- In practice tetrachord (τετράχορδον; tetrákhordon) also meant the instrument itself. And it could also mean the interval of a perfect fourth between the pitches of the fixed top and bottom strings; therefore the various tunings were called divisions of the tetrachord (see OED, "Tetrachord").
- For general and introductory coverage of Greek theory see Tuning and Temperament, A Historical Survey, Barbour, J. Murray, 2004 (reprint of 1972 edition), ISBN 0-486-43406-0. These meanings in Greek theory are the ultimate source of the meanings of the words today, but through a great deal of modification and confusion in Medieval times. It would therefore be a mistake to consider the Greek system and the subsequent Western systems (Medieval, Renaissance, or contemporary) as closely similar simply because of the use of similar terms: "... the categories of the diatonic, chromatic and enharmonic genera developed within the framework of monodic musical culture and have little in common with the corresponding categories of modern music theory" (Chromaticism, Barsky, Vladimir, Routledge, 1996, p. 2). There were several Greek systems, in any case. What is presented here is merely a simplification of theory that spans several centuries, from the time of Pythagoras (c. 580 BCE – c. 500 BCE), through Aristoxenus (c. 362 BCE – after 320 BCE), to such late theorists as Alypius of Alexandria (fl. 360 CE). Specifically, there are more versions of each of the three tetrachords than are described here.
- Details of the practice for certain periods: "The device that was both the simplest and the most stable and durable was that known as coloratio. In principle, any note or group of notes subjected to coloration or blackening was reduced to two-thirds of the value that it would have enjoyed in its pristine state. In respect of any note in mensural notation that was equal in duration to two of that next smaller in value, the coloration of three in succession caused each to undergo reduction to two-thirds of its erstwhile value, so creating a triplet [... .] In the case of any note that was equal in duration to three of that next smaller, the coloration of three together likewise effected a proportional reduction in the value of each to two-thirds, so reducing perfect value to imperfect and commonly creating the effect called hemiola [... .] On occasions coloured notes could appear singly to denote imperfect value, especially to inhibit unwanted perfection and alteration," Roger Bowers, "Proportional notation", 2. Coloration, New Grove Dictionary of Music and Musicians, second edition, edited by Stanley Sadie and John Tyrrell (London: Macmillan Publishers, 2001).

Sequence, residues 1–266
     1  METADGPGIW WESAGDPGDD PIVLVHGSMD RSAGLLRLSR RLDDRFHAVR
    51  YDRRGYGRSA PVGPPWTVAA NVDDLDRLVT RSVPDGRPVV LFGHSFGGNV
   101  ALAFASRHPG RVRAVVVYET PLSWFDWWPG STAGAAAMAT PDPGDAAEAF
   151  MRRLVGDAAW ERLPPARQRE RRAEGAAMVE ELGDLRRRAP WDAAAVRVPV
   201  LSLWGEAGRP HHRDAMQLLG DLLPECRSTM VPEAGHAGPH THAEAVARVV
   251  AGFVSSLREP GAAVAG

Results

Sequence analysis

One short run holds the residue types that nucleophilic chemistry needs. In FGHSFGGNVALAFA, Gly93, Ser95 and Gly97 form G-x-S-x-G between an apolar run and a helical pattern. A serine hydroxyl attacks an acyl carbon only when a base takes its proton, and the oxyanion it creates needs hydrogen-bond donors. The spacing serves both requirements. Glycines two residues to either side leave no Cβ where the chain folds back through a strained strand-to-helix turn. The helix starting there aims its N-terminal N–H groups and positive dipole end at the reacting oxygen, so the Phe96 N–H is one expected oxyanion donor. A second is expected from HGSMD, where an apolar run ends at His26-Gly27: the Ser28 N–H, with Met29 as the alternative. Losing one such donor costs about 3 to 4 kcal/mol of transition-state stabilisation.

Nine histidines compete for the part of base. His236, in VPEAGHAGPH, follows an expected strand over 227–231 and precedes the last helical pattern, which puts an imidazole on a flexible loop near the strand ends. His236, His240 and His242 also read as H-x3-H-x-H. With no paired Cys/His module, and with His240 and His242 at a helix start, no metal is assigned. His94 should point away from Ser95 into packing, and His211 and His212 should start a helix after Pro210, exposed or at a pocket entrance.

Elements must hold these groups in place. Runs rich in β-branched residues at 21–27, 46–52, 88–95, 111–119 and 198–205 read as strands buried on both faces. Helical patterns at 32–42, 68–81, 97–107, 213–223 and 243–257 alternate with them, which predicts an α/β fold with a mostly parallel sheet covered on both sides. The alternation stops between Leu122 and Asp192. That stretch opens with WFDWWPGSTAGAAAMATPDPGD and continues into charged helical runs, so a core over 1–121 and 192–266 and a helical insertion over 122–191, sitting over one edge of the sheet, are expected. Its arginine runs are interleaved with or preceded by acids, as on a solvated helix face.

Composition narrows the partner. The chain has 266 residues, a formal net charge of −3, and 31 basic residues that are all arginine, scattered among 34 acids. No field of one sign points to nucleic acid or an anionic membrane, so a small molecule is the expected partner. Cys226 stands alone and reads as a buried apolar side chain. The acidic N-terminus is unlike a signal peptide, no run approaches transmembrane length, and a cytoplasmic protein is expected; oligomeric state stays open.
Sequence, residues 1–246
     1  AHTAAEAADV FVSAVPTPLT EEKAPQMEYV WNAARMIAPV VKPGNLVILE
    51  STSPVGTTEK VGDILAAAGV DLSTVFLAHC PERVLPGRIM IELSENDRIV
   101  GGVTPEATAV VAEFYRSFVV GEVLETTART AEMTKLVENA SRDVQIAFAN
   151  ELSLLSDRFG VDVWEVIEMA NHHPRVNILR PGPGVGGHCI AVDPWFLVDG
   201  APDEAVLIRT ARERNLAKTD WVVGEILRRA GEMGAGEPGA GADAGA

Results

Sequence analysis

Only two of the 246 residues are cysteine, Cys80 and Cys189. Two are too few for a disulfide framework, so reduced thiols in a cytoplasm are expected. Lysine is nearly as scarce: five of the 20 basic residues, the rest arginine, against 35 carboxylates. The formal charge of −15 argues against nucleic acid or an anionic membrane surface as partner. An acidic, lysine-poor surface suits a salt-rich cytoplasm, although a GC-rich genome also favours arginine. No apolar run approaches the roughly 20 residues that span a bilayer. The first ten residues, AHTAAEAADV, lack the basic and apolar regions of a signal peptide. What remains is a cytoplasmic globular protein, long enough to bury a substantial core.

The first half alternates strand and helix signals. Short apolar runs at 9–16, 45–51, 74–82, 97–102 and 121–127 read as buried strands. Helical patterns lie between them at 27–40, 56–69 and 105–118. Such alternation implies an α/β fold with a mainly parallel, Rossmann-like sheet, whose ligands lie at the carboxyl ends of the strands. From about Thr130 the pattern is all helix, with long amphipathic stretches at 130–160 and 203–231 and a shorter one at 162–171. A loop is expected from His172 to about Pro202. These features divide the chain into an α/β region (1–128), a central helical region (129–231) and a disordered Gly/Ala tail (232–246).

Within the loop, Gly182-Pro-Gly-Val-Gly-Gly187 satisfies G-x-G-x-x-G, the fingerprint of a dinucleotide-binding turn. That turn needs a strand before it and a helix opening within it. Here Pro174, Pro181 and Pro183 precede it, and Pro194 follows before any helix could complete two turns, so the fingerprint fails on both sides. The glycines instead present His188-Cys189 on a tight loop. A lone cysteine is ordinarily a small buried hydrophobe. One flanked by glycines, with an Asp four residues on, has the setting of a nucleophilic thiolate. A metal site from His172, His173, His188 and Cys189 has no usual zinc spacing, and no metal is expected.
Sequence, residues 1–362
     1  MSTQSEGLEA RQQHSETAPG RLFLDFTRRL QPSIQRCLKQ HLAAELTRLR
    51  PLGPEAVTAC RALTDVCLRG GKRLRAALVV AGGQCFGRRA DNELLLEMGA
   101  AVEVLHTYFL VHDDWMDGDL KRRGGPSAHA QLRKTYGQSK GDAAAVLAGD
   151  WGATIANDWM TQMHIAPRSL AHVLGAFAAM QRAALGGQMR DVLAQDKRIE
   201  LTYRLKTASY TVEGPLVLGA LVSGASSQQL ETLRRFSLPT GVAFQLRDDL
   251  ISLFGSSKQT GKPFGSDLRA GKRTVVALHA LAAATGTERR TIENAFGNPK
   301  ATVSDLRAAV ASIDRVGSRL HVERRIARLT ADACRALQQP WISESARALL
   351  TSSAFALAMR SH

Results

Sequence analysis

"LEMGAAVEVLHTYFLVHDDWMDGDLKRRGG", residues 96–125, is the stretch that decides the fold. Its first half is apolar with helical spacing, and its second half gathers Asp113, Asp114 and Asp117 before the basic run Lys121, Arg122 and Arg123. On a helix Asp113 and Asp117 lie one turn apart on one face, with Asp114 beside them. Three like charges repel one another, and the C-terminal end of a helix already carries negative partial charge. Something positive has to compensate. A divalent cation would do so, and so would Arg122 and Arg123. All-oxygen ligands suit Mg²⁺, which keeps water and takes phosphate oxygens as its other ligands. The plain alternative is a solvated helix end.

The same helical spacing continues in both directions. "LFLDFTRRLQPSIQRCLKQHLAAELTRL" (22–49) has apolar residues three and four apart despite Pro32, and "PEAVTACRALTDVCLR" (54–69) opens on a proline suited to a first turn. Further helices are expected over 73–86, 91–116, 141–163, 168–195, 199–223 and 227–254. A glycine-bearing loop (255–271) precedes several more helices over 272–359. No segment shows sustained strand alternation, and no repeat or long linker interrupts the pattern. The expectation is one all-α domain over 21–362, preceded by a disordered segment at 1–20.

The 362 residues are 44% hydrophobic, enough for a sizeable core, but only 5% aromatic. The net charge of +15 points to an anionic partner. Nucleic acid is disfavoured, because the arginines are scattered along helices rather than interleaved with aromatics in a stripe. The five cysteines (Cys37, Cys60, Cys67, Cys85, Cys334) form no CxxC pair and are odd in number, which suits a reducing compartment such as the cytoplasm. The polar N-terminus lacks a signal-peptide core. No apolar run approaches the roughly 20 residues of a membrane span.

- Parrish, Carl, The Notation of Medieval Music, Pendragon, New York, 1978, pp. 147ff.
- Harvard Dictionary of Music, 2nd ed., "Chromatic".
- Grout, Donald J, and Palisca, Claude, A History of Western Music, 6th ed., Norton, New York, 2001, pp. 188–190.
- "The root of the Italian term is that of 'colour', and it is probably related through its use of diminution (the little notes that 'rush' to the next long note, as Bernhard writes) to the mensural practice of coloration" (New Grove, "Coloratura").
- Rendered by many as Carmina chromatico, though this is incorrect Latin; the title is given as Carmina chromatica (which is plural of Latin carmen chromaticum) in New Grove Online. The entire passage is relevant to present points in this article:
New Grove Online, "Musica Ficta", I, ii
- Grout et al., 2001, p. 188.
- Some theorists[weasel words] derive such a scale from a certain series of pitches rising by six perfect fifths: F–C–G–D–A–E–B. These pitches are then rearranged by transposition to a single-octave scale: C–D–E–F–G–A–B[–C] (the standard C major scale, with the interval structure T–T–S–T–T–T[–S]). A few theorists[weasel words] call the original untransposed series itself a "scale". Percy Goetschius calls that series the "natural scale" (The Theory and Practice of Tone-Relations, Schirmer, 1931 edition, p. 3; see further citation below).
- Goetschius, as cited below, accepts only the major as diatonic.
- The first "exclusive" usage seems to be gaining greater currency. Certainly it is becoming close to standard in academic writing, as can be seen by querying online archives (such as JSTOR) for recent uses of the term diatonic. Equally certainly, the second "inclusive" meaning is still strongly represented in non-academic writing (as can be seen by online searches of practically oriented music texts at, for example, Amazon.com). Overall, considerable confusion remains; on the evidence presented in the list of sources, there are very many sources in the third category: Diatonic used vaguely, inconsistently, or anomalously.